# Meaning of “Canonical System of the First Order”

I am learning about PDEs and came across the following.

"Convert a partial differential equation of higher order into a canonical system of the first order"

What does the above statement mean/imply? How does one convert, say, a second order PDE into a canonical system of the first order? A simple example (or online readings) to illustrate the process will be appreciated.

Regards, Radz.

• Do you know how to convert a higher order ODE into a first-order ODE? – Christopher A. Wong Jul 8 '14 at 9:51
• Dear @Chris A. Wong, Yes. – Radz Jul 8 '14 at 10:06
• The same principle applies. You create new variables that stand in for the higher derivatives of the function, and then you add new equations to the system that reinforce the condition that your new variable are the derivatives of the original function. – Christopher A. Wong Jul 8 '14 at 10:27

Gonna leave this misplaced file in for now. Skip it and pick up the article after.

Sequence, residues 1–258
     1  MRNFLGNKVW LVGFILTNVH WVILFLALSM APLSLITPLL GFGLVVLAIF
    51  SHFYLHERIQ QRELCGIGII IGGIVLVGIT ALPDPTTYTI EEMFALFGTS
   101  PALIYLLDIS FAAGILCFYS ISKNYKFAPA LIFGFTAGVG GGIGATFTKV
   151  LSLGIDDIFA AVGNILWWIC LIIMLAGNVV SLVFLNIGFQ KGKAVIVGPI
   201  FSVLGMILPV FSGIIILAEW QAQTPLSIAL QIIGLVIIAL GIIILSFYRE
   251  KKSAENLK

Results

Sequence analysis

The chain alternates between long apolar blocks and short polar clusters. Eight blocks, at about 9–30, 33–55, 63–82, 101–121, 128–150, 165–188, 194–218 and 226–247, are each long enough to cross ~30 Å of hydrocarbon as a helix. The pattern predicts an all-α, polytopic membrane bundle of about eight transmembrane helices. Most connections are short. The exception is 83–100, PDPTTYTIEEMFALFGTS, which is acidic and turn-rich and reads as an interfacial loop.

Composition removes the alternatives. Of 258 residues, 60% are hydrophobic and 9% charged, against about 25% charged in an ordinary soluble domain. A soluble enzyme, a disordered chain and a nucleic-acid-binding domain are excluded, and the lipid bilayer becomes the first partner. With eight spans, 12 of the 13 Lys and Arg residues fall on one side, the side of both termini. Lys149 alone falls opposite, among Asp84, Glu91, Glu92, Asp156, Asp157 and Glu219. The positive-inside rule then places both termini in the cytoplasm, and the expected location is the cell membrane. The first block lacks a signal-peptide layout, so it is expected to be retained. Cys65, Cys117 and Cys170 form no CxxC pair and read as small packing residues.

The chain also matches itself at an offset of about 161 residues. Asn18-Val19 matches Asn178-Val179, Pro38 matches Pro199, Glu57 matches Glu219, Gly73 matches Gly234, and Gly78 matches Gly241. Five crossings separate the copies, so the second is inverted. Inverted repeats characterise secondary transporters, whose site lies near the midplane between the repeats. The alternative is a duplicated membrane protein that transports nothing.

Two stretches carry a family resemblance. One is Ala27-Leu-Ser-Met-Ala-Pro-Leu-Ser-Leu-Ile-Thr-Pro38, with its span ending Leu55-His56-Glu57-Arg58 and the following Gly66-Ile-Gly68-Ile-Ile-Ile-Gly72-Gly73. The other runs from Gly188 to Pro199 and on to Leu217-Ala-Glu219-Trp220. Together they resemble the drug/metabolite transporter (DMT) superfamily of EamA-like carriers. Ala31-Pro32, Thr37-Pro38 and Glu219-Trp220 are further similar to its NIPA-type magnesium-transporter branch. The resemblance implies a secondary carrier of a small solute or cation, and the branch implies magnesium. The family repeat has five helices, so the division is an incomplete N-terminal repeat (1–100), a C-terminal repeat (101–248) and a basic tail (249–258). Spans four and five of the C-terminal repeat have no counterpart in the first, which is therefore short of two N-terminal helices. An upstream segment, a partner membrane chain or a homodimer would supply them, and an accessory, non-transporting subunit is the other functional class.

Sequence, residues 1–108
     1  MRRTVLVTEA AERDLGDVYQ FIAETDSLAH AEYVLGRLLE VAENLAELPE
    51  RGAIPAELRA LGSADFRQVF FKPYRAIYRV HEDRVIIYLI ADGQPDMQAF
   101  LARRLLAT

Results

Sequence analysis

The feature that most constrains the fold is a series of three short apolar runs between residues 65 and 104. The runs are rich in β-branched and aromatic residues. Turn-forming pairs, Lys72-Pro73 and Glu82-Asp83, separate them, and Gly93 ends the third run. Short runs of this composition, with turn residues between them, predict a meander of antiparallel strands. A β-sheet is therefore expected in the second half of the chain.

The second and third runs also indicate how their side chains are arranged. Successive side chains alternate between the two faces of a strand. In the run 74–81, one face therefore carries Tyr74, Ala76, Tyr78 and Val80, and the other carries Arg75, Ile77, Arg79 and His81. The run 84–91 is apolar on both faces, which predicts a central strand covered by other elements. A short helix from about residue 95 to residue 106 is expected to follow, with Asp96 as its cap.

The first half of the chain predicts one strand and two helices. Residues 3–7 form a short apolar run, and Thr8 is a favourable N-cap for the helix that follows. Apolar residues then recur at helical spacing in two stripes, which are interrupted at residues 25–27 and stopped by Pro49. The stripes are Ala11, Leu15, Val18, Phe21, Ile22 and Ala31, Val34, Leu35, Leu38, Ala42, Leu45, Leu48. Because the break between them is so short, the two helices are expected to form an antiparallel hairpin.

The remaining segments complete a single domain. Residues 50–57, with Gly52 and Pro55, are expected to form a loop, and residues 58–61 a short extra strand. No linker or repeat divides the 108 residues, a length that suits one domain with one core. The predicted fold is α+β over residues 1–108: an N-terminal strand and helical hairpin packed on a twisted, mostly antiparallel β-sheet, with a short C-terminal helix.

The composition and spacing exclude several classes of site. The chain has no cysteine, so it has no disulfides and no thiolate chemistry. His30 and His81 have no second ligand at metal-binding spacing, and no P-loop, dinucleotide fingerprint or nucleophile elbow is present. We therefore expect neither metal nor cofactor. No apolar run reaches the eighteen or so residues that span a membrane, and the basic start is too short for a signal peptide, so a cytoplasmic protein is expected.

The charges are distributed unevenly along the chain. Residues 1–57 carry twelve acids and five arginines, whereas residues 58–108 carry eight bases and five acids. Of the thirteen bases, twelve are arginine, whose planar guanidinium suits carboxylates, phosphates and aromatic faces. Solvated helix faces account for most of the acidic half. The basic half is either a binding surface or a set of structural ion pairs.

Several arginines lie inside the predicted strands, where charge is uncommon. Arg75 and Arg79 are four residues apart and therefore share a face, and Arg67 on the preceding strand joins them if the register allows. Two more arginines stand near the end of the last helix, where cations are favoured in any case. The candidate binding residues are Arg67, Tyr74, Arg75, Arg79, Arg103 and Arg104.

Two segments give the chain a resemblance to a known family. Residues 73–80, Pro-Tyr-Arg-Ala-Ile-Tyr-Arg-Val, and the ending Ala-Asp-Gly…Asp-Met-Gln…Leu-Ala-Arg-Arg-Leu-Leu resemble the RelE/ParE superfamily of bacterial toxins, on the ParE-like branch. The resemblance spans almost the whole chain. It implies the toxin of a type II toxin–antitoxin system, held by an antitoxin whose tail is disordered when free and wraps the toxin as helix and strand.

• Dear @Chris A. Wong, I think I understand what you mean. Could you please verify the following. Suppose that $u=u(x,y)$ and consider the 2nd order PDE $F(x,y,u,u_x,u_y,u_{xy},u_{yx},u_{xx},u_{yy})=0$. To convert to a system of 1st order PDEs, let $p=u_x$ such that $p_x=u_{xx}$ and $p_y=u_{xy}$. Similarly, let $q=u_y$ such that $q_y=u_{yy}$ and $q_x=u_{yx}$. The canonical system is $$p=u_{x},\quad q=u_{y},\quad P(x,y,u,p,q,p_y,q_x,p_x,q_y)=0.$$ Is this correct? – Radz Jul 8 '14 at 11:16
• I believe that looks correct. I don't know what is meant by "canonical", but it is certainly a first-order system. – Christopher A. Wong Jul 9 '14 at 6:53